Ever wonder what sounds a bison makes? Here is one bellowing.
Sunday, November 22, 2009
Saturday, November 21, 2009
Where is Moldova?
Since this blog’s inception in late September, I’ve been amazed at the amount of traffic it’s received from all over the United States and the world.
Capriana Monastery in Moldova
Visitors from Texas, New York, Louisiana, and Illinois, as well as Moldova, Pakistan, Egypt, Scotland, and Canada have somehow found their way to my little blog. It really is a small world! So, I added a fun feature over in the left panel: a map that shows where visitors are from. I just added it a few days ago, so it only includes recent visits, but over time, it should be interesting to see how small this world really is.
Receive Updates Via Email. At the very top of this page is new feature that allows you sign up to receive an email whenever the blog is updated. That way, you don’t have to keep checking back in, only to find that nothing new is here. Between work, family, and sleeping, I sometimes go a couple a weeks between posts, and I surely don’t want to lose readers because of it! So, please subscribe! If you prefer RSS feeds, scroll down to the bottom of the page for several more options.
Blogs I Like. I’ve started a list of farm- and animal-related blogs (see the left panel) that I enjoy reading myself. Check them out; they’re a fun read.
A Break from the Daily Grind
Life can get hectic for all of us, and sometimes we’re moving so fast we don’t even pause to enjoy the small things that create happiness in our daily lives. So, today I’m paying tribute to the men in my life and some of the little ways they make my life fun.
Both of my boys are introverts, but around the house you’d never know it. They are entertainers extraordinaire. My son Ryan is an excellent mimic, and his imitations of Gollum from the “Lord of the Rings” movies and Peter from the TV show, “Family Guy,” never fail to entertain. He picks up on little-known phrases from movies and television, funny tidbits that others might miss, and entertains us with perfect renditions.
My son Jeff is an astute observer; he notices the little things about people and places, and he’s not bashful about pointing them out. This has resulted in some very accurate, and very funny, observations. Some of them are sweet, like “Mom, you smell as good as a popsicle!” Others are offbeat, like the one uttered with a smile on a foggy winter day: “The air smells like white toenails.” Only he knows what that means, but you have to admit it’s original.
My sweet man—he loves to cook, and he especially loves to grill outdoors. He’s funny, wise, and good with people. Since he joined our home, my boys have gained confidence and maturity. I’ve been a single parent since they were 6 and 5, and I’ve done a decent job, but Page has brought balance--in the form of a positive male influence--into their lives. As for me, Page makes me laugh every single day.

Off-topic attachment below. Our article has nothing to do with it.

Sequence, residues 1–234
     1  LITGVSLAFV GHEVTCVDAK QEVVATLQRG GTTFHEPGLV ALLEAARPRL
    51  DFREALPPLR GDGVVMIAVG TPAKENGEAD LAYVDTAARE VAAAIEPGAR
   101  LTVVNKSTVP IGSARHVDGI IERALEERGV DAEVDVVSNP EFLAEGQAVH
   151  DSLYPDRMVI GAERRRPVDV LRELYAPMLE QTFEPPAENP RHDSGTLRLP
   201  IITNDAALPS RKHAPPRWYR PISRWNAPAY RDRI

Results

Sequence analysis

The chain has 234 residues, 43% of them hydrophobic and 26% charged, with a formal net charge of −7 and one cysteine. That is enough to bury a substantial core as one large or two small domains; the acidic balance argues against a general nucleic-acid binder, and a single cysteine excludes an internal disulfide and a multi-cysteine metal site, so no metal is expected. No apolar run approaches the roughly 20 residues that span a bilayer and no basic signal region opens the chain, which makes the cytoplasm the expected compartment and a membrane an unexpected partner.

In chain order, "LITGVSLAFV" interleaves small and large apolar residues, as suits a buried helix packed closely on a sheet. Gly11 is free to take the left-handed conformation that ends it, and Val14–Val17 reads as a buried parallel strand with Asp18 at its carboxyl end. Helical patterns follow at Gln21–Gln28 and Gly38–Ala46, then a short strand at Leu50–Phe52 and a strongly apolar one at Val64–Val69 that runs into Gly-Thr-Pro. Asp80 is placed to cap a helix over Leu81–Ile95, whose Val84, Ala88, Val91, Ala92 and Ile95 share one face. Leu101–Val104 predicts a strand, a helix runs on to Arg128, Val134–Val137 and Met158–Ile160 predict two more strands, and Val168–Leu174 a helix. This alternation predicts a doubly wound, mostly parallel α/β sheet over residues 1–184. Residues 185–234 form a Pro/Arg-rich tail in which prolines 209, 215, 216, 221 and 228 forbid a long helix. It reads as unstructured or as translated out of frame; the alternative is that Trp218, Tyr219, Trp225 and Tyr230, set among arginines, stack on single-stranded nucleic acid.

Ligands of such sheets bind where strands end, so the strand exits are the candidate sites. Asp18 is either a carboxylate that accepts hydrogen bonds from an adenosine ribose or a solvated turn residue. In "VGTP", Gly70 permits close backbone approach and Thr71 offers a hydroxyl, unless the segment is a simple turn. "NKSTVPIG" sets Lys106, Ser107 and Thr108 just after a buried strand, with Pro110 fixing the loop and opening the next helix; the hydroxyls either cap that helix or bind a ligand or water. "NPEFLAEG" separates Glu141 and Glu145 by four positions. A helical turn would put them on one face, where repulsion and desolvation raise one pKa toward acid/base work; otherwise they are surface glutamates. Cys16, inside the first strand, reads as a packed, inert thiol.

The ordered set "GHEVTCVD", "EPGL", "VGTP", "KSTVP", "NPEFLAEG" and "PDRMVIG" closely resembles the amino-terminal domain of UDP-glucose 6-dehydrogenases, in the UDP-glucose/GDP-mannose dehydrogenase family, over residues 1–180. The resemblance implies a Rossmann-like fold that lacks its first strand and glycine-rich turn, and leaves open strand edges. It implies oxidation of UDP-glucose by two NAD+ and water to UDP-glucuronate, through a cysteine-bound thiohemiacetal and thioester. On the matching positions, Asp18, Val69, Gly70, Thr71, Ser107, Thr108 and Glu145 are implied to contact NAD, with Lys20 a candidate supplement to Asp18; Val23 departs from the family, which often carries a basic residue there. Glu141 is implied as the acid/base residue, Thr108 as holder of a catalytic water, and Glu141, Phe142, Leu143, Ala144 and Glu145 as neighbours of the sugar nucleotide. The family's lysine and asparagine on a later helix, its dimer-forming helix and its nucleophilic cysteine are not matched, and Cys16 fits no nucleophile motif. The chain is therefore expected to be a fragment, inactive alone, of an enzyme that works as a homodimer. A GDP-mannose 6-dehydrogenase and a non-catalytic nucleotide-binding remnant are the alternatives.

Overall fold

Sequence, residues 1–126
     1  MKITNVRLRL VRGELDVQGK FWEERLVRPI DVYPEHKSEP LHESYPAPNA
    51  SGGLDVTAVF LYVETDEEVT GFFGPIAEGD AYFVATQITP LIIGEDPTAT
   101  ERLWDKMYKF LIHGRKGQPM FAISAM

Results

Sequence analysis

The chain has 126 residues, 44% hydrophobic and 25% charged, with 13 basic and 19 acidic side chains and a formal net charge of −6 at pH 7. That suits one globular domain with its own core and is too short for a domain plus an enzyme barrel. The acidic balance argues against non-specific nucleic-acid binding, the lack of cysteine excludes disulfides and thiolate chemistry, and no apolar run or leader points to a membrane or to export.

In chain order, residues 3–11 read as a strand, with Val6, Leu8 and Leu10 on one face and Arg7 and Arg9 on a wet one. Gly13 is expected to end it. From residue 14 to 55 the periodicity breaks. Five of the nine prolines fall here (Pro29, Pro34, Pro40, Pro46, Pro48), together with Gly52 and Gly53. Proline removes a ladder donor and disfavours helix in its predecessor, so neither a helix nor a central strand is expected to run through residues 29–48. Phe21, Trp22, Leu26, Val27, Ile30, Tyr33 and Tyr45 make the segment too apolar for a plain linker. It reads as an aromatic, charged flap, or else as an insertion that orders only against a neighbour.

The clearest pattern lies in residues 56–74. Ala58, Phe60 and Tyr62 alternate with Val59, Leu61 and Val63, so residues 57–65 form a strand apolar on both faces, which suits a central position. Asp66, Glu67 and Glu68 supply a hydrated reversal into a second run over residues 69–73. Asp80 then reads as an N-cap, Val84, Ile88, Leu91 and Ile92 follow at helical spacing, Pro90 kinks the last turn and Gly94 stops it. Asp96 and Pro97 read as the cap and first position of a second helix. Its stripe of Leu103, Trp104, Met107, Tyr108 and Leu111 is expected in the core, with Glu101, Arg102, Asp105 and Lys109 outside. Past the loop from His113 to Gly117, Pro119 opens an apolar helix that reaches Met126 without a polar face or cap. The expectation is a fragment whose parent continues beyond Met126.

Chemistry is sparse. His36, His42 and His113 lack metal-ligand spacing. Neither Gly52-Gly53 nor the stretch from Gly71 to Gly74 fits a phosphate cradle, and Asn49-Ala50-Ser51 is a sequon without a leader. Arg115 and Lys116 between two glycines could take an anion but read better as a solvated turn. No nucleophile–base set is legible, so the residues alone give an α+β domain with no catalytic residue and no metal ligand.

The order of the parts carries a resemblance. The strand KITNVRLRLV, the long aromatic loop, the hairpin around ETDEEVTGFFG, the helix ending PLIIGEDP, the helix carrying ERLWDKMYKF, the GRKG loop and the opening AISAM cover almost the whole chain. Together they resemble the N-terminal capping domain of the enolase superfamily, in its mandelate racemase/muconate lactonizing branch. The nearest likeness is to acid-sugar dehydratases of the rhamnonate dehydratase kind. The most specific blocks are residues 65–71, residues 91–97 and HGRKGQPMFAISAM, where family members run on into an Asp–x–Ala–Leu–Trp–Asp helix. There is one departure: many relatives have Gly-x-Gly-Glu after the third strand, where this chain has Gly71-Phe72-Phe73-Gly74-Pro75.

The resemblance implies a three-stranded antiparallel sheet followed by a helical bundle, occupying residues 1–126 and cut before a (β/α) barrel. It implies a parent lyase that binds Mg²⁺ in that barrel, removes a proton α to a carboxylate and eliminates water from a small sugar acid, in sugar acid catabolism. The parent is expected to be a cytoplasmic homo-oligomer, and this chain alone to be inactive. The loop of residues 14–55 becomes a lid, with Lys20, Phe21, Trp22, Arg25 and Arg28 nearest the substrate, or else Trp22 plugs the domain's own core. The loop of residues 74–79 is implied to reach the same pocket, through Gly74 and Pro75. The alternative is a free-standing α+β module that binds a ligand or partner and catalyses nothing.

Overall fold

Happy Buffalo Ranching
A prominent theory in the field of psychology postulates that humans strive for the highest level of their abilities, using their creativity to reach a pinnacle of consciousness and wisdom. But, humans cannot achieve this level of “self-actualization” until certain basic needs are met, in ascending order: physiological needs (food, water); safety needs; needs of love, affection, and belongingness; and needs for esteem, both self-esteem and the esteem earned from others.
The happiness Page and I get from each other and the boys allows us to dream and reach for that which fulfills our need for creativity and growth. The excitement of building a business that requires us to learn new skills and think creatively has energized both of us. Page and I, and even Ryan and Jeff, are all looking forward to a new experience: happy buffalo ranching!
We cannot really love anybody without whom we never laugh.
-- Alice Reppler
Thursday, November 5, 2009
There is a reason that cowboys sing about a home on the range “where the buffalo roam.” Bison are happiest when they have room to roam. In the wild, they often travel one or two miles per day, foraging for food and water. As settlers moved west across North America, they encountered the paths made by bison and deer as they traveled between feeding grounds and during their seasonal migration. Because bison naturally chose the most convenient paths, avoiding muddy flats and other natural impediments, many of the east-west trails were also used by pioneers to travel across country.
Good Fences Make Good Neighbors
The American Bison is one of the most difficult livestock to keep contained, and can be one of the most elusive to capture. A loose bison that has been spooked into leaping a fence or crashing through one can wreak havoc on neighboring property.
Fencing is a greater challenge for bison than for any other livestock because bison are so very powerful. A runaway herd of bison is a formidable force when directed against a containment fence; an individual bison can leap five to six feet from a standing position and will leap a tall fence when motivated.
Strong, reliable fencing is critical for a bison ranch. Page and I do not want to be in the position of having to round up a herd of scared bison, so we plan to install very tall, super strong fencing. Bison can be trained to recognize and respect electric fencing; many ranchers start training the bison as calves. Page plans to use solar energy as much as possible on the ranch, so it is likely that we will power our fence with a solar electric fence charger.